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Maya Shmulevitz

MMI Faculty


Maya Shmulevitz


Department of Medical Microbiology & Immunology
University of Alberta
Department of Medicine & Dentistry
6-21 Heritage Medical Research Centre
Edmonton, Alberta T6G 2S2 

Office Phone: (780) 492-0623
Fax: (780) 492-7521



  • Assistant Professor, Department of Medical Microbiology & Immunology, University of Alberta


What makes a virus infect one cell but not another?

We have come to appreciate that a multitude of cellular processes (i.e. receptor expression, cytoskeletal rearrangement, nuclear import, apoptosis, etc.) can impact the replication proficiency of specific viruses. At the same time, viruses evolve extravagant strategies to exploit the host's resources. But how do viral genes and cellular events that vary among virus variants and specific cell types contribute to whether a cell can support efficient virus replication?

Several viruses specifically replicate in cancer cells, while being relatively incapable of replicating in normal cells. These oncolytic viruses are being explored as cancer therapeutics in a variety of mouse models and human trials. In addition to their therapeutic potential, oncolytic viruses provide great model systems to study determinants of host specificity and define new molecular characteristics of cancer.

Mammalian orthoreovirus 3 (reovirus) is a non-pathogenic, non-enveloped double-stranded RNA virus that inherently targets Ras-transformed cells (EMBO J. 1998, 17:3351). Using both modern and traditional molecular virology techniques, research in our laboratory is focused on understanding how specific viral and host factors can promote the efficiency of virus replication in cancer cells.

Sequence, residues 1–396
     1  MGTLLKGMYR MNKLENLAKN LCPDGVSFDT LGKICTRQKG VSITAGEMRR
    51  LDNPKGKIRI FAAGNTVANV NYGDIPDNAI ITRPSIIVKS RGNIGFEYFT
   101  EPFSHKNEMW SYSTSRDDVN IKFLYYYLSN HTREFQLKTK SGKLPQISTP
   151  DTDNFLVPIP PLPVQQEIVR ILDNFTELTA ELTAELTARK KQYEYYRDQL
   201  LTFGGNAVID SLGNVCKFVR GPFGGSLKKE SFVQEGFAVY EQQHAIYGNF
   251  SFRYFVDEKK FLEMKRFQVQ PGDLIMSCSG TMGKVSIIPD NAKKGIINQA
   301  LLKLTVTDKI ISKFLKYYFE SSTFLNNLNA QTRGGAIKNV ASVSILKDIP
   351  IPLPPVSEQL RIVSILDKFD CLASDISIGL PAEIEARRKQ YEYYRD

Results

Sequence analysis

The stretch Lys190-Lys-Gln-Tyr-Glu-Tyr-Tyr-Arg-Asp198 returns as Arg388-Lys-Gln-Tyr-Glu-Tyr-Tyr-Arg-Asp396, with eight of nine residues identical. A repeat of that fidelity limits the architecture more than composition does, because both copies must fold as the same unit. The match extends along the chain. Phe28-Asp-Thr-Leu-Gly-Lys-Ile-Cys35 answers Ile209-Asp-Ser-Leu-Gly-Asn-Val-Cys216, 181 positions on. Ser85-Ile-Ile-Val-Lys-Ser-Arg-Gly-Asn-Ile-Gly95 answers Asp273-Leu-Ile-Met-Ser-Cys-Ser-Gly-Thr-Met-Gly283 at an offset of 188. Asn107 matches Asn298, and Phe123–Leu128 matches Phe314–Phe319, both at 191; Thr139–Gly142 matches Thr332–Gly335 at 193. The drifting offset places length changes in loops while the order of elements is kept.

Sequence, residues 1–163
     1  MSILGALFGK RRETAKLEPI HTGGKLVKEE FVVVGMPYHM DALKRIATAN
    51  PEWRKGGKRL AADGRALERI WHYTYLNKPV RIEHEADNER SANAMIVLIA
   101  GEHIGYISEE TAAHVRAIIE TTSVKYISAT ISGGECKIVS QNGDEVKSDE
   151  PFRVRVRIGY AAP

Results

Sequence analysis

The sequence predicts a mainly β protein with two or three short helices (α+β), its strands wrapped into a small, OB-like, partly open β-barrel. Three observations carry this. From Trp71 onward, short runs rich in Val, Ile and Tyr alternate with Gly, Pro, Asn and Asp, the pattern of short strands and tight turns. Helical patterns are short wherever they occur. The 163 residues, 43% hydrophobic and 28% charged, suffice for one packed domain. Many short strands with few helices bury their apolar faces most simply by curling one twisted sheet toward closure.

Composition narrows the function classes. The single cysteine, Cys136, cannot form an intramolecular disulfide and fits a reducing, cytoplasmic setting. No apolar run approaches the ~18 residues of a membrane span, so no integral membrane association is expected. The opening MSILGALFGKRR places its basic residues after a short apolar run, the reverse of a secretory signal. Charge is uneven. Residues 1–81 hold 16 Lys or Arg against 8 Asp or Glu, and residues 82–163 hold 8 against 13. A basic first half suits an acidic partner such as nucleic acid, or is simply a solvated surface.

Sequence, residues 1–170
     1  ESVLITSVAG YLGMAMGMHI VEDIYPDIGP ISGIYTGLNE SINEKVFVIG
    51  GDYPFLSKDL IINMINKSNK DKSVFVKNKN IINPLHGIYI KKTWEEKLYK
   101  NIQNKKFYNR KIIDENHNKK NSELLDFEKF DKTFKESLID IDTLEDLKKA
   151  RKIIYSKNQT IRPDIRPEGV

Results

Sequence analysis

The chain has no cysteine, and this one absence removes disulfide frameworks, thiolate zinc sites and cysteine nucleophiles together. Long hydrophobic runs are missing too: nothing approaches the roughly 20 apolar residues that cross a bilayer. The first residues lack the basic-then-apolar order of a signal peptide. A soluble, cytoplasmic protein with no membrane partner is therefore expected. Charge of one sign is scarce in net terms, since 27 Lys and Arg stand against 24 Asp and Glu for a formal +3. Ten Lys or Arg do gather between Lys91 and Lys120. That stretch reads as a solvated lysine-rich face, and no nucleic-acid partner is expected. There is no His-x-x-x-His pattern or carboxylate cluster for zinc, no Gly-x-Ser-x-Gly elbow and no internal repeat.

Projects in the lab include:

1. Exploring reovirus factors (i.e. genes and proteins) that promote virus replication in cancer cells.

We are using reovirus variants to pinpoint viral protein mutations that promote virus replication in cancer cells. We first select reovirus variants exhibiting improved replication on cancer cells relative to wild-type reovirus (J. Virology 2012, 86:7403). We use genetic analysis to associate specific gene mutations with enhanced reovirus oncolytic potency. Finally, through an assortment of molecular and biochemical methods, we are exploring how these viral gene mutations promote reovirus replication in cancer cells.

2. Exploring activation mechanisms and consequences of host antiviral and stress responses to reovirus.

In normal cells, reovirus infection results in activation of several signaling pathways that ultimately induce an antiviral response and restrict reovirus replication (Cancer Res. 2010, 70: 4912). In Ras-transformed cells, the interferon-mediated antiviral response is impaired, therefore permitting efficient reovirus replication. The goals of this project are to define viral factors involved in activation of cell signaling following reovirus infection; discover how cell signaling differs among unique cancer and normal cell types; and pinpoint anti-viral mediators that effectively restrict reovirus infection in normal cells.

Ultimately, using new reovirus variants identified by project 1, and combination therapies suggested by project 2, we hope to optimize reovirus for improved specificity and/or potency in cancer therapy.


  • Kevin James (Graduate Student)
  • Adil Mohamed (Graduate Student)
  • Wan Kong Yip (Graduate Student)
  • Dr. Heather Eaton (PDF)


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